The International Business Machines Corporation (IBM) is one of the oldest companies operating in the industry of computer and information technologies (IT). In spite of the fact that IBM still maintains top positions in the market, it is almost impossible to claim that this company is a leader in innovation. The problem is that the company needs to invest more in its competitive advantage to successfully compete in the modern IT industry. Nevertheless, IBM is still listed in the Fortune 500 among other IT and electronics companies pioneering in the industry (Griffith, 2015). The purpose of this paper is to describe the history of IBM, discuss its current state and position in the market, and evaluate its possible successes and failures in the area of innovation in the industry.
tailored to your instructions
for only $13.00 $11.05/page
How IBM Started in the IT Industry
In 1911, the Computing-Tabulating-Recording Company was established in the State of New York, and later it was renamed as International Business Machines (IBM). Initially, the company produced tabulators, and in the 1930s, it launched its first calculators. The first computer was developed in the 1940s in cooperation with the experts of Harvard University. In the 1950s, IBM became ready to enter the new market of computers with its own product: IBM 701 EDPM. Furthermore, in 1981, the company was ready to present its innovative personal computer (Cortada, 2018). From this perspective, it is possible to state that IBM not only started in the IT industry in the 1980s, but this company and its products actually gave a start for the progress of this industry.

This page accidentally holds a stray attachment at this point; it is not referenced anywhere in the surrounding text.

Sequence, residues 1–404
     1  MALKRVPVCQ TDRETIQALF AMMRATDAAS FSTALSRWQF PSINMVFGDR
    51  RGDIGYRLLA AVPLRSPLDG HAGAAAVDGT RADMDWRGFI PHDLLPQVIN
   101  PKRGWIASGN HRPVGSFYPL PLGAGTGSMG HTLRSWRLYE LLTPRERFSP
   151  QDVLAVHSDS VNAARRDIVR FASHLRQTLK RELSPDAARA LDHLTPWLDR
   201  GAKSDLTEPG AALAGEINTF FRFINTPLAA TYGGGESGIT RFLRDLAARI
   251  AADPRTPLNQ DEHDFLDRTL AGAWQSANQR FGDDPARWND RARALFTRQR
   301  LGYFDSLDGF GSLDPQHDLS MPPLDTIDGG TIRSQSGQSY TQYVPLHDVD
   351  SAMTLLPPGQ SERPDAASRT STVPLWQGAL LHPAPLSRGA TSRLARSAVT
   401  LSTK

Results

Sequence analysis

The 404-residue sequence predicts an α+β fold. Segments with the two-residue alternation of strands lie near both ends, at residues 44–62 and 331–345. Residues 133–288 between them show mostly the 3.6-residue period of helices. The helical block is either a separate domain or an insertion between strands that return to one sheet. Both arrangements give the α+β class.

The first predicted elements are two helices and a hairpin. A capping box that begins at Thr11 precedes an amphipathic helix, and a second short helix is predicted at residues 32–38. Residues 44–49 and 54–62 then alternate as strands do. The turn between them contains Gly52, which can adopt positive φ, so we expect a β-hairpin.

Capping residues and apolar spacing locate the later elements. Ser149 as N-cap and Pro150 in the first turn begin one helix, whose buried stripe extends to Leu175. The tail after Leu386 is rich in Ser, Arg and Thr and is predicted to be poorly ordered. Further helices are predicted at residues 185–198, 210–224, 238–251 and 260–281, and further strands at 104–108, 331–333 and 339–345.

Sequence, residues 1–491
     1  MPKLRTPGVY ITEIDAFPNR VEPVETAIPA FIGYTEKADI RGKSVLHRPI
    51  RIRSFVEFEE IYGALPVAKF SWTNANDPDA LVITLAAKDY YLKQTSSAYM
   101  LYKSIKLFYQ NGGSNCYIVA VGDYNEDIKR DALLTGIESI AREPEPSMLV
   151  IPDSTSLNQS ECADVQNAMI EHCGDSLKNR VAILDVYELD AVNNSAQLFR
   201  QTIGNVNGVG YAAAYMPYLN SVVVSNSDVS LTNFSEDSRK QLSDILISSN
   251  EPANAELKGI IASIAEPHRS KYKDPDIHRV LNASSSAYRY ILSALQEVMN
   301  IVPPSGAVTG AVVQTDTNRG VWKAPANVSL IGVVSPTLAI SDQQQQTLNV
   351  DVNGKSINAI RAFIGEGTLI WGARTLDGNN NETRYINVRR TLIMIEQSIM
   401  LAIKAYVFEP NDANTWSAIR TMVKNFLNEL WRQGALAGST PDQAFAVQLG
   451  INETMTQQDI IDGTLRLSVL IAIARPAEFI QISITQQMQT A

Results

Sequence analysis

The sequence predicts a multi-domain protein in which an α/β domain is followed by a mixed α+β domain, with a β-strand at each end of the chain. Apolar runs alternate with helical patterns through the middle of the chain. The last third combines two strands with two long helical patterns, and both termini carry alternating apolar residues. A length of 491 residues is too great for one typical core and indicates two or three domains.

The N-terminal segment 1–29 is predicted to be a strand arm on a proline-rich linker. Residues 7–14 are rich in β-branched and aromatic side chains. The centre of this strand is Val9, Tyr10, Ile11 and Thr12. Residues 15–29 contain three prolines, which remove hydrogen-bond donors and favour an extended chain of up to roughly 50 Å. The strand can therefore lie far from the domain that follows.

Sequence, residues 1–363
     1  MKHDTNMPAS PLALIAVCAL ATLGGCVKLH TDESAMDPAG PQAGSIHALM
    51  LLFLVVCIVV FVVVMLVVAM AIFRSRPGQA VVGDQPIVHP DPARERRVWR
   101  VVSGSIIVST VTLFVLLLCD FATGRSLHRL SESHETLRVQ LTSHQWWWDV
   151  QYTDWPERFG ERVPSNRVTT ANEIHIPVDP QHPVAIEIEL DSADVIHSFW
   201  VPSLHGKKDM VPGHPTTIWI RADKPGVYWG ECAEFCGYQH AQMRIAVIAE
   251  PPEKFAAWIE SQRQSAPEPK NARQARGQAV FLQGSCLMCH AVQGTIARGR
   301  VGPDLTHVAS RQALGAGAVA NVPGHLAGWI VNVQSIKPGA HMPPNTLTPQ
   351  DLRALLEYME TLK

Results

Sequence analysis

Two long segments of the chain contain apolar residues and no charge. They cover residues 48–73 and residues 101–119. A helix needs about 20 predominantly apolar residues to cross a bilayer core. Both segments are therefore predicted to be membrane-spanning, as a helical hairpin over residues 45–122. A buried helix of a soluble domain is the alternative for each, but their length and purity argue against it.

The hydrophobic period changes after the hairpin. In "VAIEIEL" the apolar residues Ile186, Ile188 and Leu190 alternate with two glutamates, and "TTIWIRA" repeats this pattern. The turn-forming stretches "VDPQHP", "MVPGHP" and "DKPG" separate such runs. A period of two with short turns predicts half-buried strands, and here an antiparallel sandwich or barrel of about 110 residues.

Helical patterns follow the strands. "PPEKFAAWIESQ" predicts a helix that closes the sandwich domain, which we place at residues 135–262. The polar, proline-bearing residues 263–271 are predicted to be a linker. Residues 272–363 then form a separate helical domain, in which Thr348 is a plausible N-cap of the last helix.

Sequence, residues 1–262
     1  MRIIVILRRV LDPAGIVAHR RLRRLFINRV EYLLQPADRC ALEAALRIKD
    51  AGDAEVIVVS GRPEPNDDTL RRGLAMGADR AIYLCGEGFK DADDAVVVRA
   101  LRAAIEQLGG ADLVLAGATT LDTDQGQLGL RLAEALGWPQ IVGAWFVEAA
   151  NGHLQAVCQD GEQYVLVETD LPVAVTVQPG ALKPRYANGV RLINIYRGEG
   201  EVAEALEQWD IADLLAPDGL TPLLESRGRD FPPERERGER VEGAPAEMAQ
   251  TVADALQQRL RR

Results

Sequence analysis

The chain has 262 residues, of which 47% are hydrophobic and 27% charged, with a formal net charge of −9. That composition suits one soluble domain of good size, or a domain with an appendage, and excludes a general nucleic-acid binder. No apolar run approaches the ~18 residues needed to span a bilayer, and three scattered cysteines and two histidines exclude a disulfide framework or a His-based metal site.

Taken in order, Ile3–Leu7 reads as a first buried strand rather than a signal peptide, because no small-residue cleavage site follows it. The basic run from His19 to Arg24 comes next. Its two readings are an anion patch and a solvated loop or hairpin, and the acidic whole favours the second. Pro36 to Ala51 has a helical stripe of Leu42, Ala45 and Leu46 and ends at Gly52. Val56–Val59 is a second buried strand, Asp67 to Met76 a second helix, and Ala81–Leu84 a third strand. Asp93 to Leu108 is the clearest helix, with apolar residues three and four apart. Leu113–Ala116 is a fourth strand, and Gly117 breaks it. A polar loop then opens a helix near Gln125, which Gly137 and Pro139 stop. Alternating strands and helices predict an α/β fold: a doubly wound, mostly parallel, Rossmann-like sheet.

The Current State of IBM
Currently, IBM specializes in producing computers, hardware, and different types of software. The problem is that, today, IBM’s computers are not popular among the public, and they are not actively promoted because they operate other systems than Windows. Additionally, the company preserves the leading positions in manufacturing certain models of minicomputers and mainframes. Consulting services are also provided for businesses as primary users of IBM products. Furthermore, much attention is paid to conducting research in the IT industry and developing patents (Cortada, 2018). Thus, from producing personal computers and competing with Apple, HP, Oracle, and Microsoft, IBM shifted to the areas of supporting businesses.
The Impact of IBM on Business and Business Operations
In the 20th century, IBM was a leader in the IT industry with a focus on its achievements in designing and manufacturing personal computers and promoting innovations. One should note that IBM changed the way how other businesses could organize their operations because of such inventions as the automated teller machine, the relational database, the SQL in programming, and others. The inventions and products of IBM became the example for other companies to promote the IT revolution in the 21st century (Gao, Liu, & Ma, 2019).